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Fay Faraday is a lawyer, Assistant Professor at Osgoode Hall Law School and Chair of the Royal Society of Canada’s COVID-19 Task Force Working Group addressing the impact of COVID-19 on migrant workers. All authors are members of that Task Force Working Group.

Judy Fudge is the LIUNA Enrico Henry Mancinelli Professor in Global Labour Issues at McMaster University.

Dr. Jill Hanley is an Associate Professor at the McGill School of Social Work and Scientific Director of the Sherpa Research Institute on Migration, Health and Social Services.

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Janet McLaughlin is an Associate Professor in the Department of Community Health at Wilfrid Laurier University and co-coordinator of the Migrant Worker Health Project.

Chris Ramsaroop is a PhD student at OISE/University of Toronto, Co-Director of the University of Windsor, Faculty of Law’s Migrant Workers Clinic and Instructor in Caribbean Studies at the University of Toronto.

Ethel Tungohan is the Canada Research Chair in Canadian Migration Policy, Impacts and Activism and an Assistant Professor in the Department of Politics at York University.

Anelyse Weiler is an Assistant Professor of Sociology at the University of Victoria.

Last year, in the first COVID-19 wave, 12% of migrant agricultural workers in Ontario were infected with the virus after arriving in Canada, and three men died. Migrant agricultural workers’ incidence of infection exceeded other high risk occupational categories like front line health care workers. But as the 2021 agricultural season quickly approaches, Canada still has no plan to ensure these essential workers receive priority, free and safe access to the COVID-19 vaccine.

As of 31 January, 5,400 migrant agricultural workers were already in Canada. Over 50,000 more will be returning across the country soon. Media attention waned after the fall harvest season, but COVID-19 outbreaks have continued on farms every month since – including 53 since the end of October.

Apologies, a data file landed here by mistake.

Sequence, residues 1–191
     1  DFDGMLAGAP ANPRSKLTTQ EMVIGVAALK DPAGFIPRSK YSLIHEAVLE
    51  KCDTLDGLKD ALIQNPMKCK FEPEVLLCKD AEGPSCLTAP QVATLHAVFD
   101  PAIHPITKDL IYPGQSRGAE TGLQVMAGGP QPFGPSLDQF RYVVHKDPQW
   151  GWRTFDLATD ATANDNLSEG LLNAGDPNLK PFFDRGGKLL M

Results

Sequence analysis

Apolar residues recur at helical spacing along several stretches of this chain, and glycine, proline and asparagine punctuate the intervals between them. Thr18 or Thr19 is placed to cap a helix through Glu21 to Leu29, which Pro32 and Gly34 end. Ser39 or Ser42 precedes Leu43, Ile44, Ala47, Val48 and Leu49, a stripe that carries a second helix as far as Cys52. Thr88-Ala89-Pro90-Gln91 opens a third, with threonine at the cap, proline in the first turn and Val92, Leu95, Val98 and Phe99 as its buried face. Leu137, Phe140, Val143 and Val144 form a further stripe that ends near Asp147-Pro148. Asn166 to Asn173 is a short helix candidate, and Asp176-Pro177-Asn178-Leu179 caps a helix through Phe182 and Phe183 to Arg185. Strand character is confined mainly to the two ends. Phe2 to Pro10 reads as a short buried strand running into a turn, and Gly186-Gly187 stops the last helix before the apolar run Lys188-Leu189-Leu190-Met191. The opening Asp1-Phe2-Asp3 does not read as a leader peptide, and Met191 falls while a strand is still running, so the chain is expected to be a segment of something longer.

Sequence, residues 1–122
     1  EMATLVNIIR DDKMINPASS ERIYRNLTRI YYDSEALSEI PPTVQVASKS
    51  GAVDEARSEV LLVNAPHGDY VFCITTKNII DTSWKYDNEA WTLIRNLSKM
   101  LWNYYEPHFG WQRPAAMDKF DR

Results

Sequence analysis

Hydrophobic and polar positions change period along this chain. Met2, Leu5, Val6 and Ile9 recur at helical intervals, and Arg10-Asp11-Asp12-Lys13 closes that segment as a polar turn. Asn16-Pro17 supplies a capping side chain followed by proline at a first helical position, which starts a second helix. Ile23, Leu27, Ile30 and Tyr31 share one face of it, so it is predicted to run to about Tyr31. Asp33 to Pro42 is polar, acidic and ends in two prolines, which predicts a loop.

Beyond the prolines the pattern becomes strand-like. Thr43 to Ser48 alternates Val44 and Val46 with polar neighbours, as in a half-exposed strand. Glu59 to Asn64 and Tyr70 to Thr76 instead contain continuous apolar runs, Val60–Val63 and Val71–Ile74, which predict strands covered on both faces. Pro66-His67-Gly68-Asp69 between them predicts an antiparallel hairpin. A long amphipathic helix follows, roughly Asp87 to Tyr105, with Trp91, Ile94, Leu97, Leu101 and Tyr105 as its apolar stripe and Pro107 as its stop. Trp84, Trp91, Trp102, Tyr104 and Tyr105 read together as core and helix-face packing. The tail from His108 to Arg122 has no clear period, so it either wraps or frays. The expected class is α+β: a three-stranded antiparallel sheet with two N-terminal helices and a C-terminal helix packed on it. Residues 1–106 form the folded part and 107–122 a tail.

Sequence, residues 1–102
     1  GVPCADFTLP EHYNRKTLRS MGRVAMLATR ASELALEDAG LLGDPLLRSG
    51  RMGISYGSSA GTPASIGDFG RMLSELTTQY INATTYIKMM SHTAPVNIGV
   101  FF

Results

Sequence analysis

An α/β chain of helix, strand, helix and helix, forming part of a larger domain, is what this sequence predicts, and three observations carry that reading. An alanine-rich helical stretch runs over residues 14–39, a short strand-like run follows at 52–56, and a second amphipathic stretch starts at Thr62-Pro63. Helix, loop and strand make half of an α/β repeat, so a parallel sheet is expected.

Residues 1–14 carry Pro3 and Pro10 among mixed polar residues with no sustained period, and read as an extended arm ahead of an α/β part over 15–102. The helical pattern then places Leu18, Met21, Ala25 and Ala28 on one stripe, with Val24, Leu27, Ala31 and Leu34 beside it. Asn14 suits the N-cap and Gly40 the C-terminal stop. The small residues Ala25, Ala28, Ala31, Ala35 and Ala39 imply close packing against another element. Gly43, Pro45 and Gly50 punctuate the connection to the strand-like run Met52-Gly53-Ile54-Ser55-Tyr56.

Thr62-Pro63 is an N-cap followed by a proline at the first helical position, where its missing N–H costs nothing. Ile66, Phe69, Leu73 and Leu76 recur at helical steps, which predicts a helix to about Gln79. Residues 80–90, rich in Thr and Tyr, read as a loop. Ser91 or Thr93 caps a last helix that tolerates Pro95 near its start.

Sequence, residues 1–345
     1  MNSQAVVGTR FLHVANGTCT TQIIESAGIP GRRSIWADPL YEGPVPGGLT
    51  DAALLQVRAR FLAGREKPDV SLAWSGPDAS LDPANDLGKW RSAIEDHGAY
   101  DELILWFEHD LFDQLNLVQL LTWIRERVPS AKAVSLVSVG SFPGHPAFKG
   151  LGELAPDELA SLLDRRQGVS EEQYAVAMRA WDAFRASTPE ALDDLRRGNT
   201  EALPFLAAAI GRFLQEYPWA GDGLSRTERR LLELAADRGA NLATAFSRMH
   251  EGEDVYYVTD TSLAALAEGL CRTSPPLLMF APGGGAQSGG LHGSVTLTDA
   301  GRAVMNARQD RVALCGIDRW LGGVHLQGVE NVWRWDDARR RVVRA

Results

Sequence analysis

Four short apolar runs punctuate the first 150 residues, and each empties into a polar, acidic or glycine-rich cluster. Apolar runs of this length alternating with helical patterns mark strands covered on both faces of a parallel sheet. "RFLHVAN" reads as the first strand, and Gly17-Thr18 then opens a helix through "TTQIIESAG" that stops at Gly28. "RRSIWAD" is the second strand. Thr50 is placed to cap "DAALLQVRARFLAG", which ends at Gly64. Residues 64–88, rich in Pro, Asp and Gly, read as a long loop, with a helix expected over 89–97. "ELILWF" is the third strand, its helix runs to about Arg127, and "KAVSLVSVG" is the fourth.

The virus spreads quickly on farms because migrant workers typically live in crowded employer-provided congregate living quarters. Without a plan to give these workers priority access to the COVID-19 vaccines, we stand on the verge of another season where essential workers will risk their lives to feed Canadians.

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Governments promised to increase health and safety inspections for agricultural workers. However, a blitz by health and safety officers this month revealed that nearly one-fifth of Ontario farms are not compliant with COVID safety protocols. Action is required urgently to prevent further tragedy.

Agricultural workers are only the most visible of the 85,000 low-wage migrant workers who come to Canada under the Temporary Foreign Worker Program each year. Other migrant workers perform essential jobs delivering in-home care to children, the elderly and people with disabilities as well as working in meat processing plants, warehouses, food preparation, grocery stores, cleaning services, delivery services, construction and many other jobs that keep the economy running. Tens of thousands more workers are undocumented.

Whether they have temporary or undocumented status, migrant workers need priority access to vaccines because most live in congregate settings and work in spaces or roles that preclude physical distancing, putting them at high risk for infection.